Dear Money & Crisis Reader,
Every gold investor has their own “gold story” — that pivotal moment in their lives that made them realize the true value of gold.
For Olivier Garret, founder and CEO of the Hard Assets Alliance, that story goes all the way back to his grandfather… and the German invasion of France.
Today, he tells that story.
All the best,
Editor, Money & Crisis
The True Value of Gold
By Olivier Garret
I grew up in a little town in Northern France that, from 1939 to 1945, was occupied by the Nazis.
I hadn’t been born yet at the time, but my mother and her family were forced to live for five long years with two German officers as “guests” in their own home.
My childhood was colored by first-hand stories of life in a Nazi-occupied town.
I heard many stories of scarcity, like that of the nuns in my mother’s school serving rodents and rutabaga for dinner — or that of my grandfather setting up a soup kitchen in his small factory to help feed the families of employees.
But there was one story my mother used to tell me that made me realize the true value of gold and sparked a lifelong appreciation for it.
It revolved around my grandfather, a Swiss immigrant who moved to France in the early 1920s.
He was an electrical technician and entrepreneur. And his arrival in France coincided with the electrification of the country, just as France’s most remote towns and villages were being connected to the grid.
Up until that point, farmers had been working the fields and processing their crops entirely by hand or with the help of animals. Basic machines where powered by cranks, ropes and pulleys or treadmills.
My grandfather, seeing the opportunity, invented an electrical motor that could power many different types of equipment.
Farmers around the country quickly adopted his product and by the late 1920s, he ran a small but successful business, selling his electrical motors and a variety of mostly farm-related equipment. (One of his inventions was a device to automate the ringing of church bells.)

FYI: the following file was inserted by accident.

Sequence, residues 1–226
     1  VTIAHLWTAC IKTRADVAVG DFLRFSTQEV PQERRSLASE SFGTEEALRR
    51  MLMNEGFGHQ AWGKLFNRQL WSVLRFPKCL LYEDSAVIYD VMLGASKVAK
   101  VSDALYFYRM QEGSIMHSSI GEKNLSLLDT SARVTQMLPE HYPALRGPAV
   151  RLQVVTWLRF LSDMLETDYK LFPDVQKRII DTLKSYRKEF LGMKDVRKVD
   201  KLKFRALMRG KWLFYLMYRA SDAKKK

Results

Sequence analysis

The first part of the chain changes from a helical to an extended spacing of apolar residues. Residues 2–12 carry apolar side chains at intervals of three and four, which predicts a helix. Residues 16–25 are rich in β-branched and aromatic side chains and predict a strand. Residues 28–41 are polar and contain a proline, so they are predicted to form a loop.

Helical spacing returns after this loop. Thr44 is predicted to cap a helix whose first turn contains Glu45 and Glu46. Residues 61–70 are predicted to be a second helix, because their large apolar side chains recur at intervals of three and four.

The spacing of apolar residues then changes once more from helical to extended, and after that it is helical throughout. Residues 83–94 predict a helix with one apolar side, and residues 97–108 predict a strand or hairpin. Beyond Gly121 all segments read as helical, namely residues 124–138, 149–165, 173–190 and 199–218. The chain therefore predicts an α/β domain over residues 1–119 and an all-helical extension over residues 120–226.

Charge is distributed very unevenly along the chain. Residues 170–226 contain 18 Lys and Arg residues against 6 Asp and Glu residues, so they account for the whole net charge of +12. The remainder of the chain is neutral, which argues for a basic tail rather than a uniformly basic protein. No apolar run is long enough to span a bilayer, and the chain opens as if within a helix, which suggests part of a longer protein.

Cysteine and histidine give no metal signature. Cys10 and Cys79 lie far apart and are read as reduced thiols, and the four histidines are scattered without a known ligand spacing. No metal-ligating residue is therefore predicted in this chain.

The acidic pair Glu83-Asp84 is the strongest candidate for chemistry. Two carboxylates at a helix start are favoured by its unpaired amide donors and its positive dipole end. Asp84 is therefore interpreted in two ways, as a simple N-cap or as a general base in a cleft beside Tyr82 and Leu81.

Being Swiss, my grandfather always associated financial security with gold. He used all of his excess savings to buy small Swiss gold coins called Vreneli.
Over the next decade, he accumulated hundreds of them.
The War Begins
In 1939, following Hitler’s invasion of Poland, France declared war on Germany. Within weeks, German tanks were rolling through Flanders into Northern France.
My grandfather decided to take his wife and two daughters south to his mother-in-law’s farm in rural Normandy.
As his wife prepared for their departure, he retrieved his stash of gold coins and headed into the basement.
There he cut lead pipes into five-inch sections and melted one end of the tubes to seal them. After filling the pipes with his gold coins, he sealed the other end and within a couple of hours emerged from the basement with twelve short lead tubes filled with gold and a shovel.
He went out into the yard and buried the pipes with his life’s savings in a deep hole next to a big tree. With the gold safely hidden, the family left their home and joined hundreds of thousands of refugees heading away from the advancing German troops.
In August 1944, the German troops retreated and Paris was liberated by the Allied forces. As France started to heal from the wounds of war, life in the quiet town of Senlis slowly returned to normal.
Many years later, my grandfather fell ill and became bedridden. It was then, near the end of his life, that my grandfather called my mother to his bedside and instructed her to get a shovel, go to the tree and dig up the twelve little gold-filled lead tubes.
After decades underground, the coins were still there, and my grandfather split them between my mom and her sister.
A couple of decades later, my parents decided it was time to pass the gold coins on to their children—and so in 1984, the tubes were opened, revealing their precious contents as shiny and new as when they were first buried.
If my grandfather had kept the money in bank notes instead of investing them in gold coins, the value of the 36,000 French francs would be approximately €3.00 today (by the mid-1980s, the old French francs had lost 99.9% of their purchasing power).
On the other hand, the value of the 480 gold Vrenelis he bought would be approximately €105,600 today (each Vreneli coin contains 5.8 grams of gold).
That was the day I learned the true value of gold.
To golden opportunities,
Founder and CEO
Hard Assets Alliance
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